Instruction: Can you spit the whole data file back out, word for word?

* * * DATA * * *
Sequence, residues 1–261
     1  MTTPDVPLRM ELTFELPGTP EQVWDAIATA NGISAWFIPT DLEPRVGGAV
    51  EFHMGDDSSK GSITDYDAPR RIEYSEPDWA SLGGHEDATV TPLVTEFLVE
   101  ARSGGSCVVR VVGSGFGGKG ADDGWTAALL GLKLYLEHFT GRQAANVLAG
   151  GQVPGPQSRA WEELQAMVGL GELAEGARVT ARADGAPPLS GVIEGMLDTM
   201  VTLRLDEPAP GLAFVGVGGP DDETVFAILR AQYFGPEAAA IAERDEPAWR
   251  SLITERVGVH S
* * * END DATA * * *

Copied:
Sequence, residues 1–261
     1  MTTPDVPLRM ELTFELPGTP EQVWDAIATA NGISAWFIPT DLEPRVGGAV
    51  EFHMGDDSSK GSITDYDAPR RIEYSEPDWA SLGGHEDATV TPLVTEFLVE
   101  ARSGGSCVVR VVGSGFGGKG ADDGWTAALL GLKLYLEHFT GRQAANVLAG
   151  GQVPGPQSRA WEELQAMVGL GELAEGARVT ARADGAPPLS GVIEGMLDTM
   201  VTLRLDEPAP GLAFVGVGGP DDETVFAILR AQYFGPEAAA IAERDEPAWR
   251  SLITERVGVH S